Kral not only caught seminal early sets but also some real-life drama, like Blondie working as a group to push Debbie Harry's car down a Bowery street.

"That was her car full of unpaid parking tickets," Kral laughs. "A lot of times it wouldn't start. Debbie was the only one who had a car in the band, we had to push it and start it."

One aesthetic that takes you from the modern world to this bygone era was that none of Kral's footage had sound. "Super 8 sound was very expensive at the time. It was around 1979 when I started shooting with sound," he says, noting its major imperfection of recording the whirring sound of the camera itself.  "Sometimes I would give to the performers and they would say, 'Just shoot backstage and forget filming the performance.'"

But Kral sidestepped creating the first punk-rock silent movie (Birth of a Punk Nation, anyone?) by adding audio from cassette demos he collected off the groups at the time.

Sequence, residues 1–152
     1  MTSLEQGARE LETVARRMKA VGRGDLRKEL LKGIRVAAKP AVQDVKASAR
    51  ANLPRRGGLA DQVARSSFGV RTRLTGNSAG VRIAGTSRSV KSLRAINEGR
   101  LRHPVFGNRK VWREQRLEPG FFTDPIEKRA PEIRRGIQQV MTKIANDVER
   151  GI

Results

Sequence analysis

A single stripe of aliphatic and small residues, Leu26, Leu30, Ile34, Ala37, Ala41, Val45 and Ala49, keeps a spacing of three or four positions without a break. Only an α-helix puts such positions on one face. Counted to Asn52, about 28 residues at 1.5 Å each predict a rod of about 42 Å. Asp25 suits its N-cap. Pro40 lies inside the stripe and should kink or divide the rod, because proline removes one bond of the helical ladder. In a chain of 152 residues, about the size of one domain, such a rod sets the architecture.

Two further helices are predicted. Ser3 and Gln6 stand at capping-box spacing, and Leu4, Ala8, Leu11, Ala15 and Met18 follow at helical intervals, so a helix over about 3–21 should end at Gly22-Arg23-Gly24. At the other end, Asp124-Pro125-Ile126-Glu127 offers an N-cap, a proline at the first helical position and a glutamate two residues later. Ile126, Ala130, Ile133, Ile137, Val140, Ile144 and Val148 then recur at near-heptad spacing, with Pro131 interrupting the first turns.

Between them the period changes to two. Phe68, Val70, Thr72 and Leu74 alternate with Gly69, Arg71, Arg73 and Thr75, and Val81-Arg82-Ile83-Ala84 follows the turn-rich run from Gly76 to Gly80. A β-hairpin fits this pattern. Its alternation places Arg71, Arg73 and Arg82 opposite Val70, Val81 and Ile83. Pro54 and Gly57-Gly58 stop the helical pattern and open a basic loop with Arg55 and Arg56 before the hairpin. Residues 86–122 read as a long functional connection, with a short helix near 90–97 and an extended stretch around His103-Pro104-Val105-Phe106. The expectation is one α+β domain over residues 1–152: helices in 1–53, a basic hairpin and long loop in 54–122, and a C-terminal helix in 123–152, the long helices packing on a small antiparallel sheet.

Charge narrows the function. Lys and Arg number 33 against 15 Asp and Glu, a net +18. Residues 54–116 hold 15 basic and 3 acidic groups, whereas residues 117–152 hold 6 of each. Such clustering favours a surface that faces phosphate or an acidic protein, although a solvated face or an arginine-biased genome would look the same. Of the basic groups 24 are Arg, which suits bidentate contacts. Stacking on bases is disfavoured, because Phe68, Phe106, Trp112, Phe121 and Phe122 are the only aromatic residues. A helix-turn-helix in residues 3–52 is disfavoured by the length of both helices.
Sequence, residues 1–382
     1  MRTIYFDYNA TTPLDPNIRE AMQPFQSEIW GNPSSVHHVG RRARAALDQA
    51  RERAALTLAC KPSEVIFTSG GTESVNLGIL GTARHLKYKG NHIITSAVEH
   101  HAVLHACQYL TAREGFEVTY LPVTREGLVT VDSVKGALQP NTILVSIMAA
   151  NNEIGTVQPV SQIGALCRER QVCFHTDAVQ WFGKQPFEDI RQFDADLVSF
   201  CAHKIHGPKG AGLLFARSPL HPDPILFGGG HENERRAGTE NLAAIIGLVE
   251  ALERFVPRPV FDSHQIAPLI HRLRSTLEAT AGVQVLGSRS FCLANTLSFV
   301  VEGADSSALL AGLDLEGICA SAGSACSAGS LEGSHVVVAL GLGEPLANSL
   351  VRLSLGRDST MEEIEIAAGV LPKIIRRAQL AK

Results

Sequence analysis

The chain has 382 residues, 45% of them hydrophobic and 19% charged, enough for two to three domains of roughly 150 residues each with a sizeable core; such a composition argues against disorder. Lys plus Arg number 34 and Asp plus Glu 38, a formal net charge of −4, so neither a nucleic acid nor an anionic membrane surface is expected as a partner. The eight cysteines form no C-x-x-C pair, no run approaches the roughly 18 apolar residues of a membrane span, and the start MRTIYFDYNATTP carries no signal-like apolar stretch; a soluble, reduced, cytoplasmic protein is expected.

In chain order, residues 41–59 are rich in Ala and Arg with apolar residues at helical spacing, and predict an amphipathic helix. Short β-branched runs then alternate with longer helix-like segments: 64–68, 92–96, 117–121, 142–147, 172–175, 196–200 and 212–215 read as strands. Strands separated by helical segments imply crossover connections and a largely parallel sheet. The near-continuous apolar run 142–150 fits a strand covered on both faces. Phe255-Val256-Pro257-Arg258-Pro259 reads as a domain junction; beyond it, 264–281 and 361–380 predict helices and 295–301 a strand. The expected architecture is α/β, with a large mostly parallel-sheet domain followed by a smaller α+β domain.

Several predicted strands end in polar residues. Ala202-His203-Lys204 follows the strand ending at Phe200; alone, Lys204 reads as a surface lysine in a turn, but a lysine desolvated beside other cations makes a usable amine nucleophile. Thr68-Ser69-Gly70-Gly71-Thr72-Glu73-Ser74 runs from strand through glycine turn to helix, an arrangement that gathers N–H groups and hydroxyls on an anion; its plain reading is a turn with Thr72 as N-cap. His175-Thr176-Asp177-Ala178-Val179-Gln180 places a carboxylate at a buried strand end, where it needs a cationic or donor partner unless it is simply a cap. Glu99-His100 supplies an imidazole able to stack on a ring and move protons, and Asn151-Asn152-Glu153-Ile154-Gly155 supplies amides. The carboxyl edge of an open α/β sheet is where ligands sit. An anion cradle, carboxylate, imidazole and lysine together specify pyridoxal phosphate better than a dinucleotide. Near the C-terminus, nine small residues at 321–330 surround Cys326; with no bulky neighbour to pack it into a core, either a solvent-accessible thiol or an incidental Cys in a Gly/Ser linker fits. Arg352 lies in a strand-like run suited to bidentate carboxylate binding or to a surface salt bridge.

"It was so easy because we were all friends. You would go after a gig to Talking Heads and say, 'Do you guys have any tapes?' and they would say, 'Oh, yeah, here's our demo.' Then I would go to Dee Dee and Joey and say, 'I really like "I Don't Care." Can I use that song?' And they'd say, 'Yeah, here's a cassette. And the same with Debbie Harry or Tom Verlaine. I had all these cassettes I put on reel-to-reel then transferred them onto magnetic and optical audio — haphazardly just put it in there. It was a silent film so it is what it is. A lot of it is in mono with tape hiss, that's what it was before people went to professional studios and recorded properly."

Unlike most musical movements where hundreds of bands seize a look or sound, especially Britain's regimented interpretation of American punk, the first bands to play CBGB were only characterized by their DIY spirit and lack of an audience — besides each other and their girlfriends.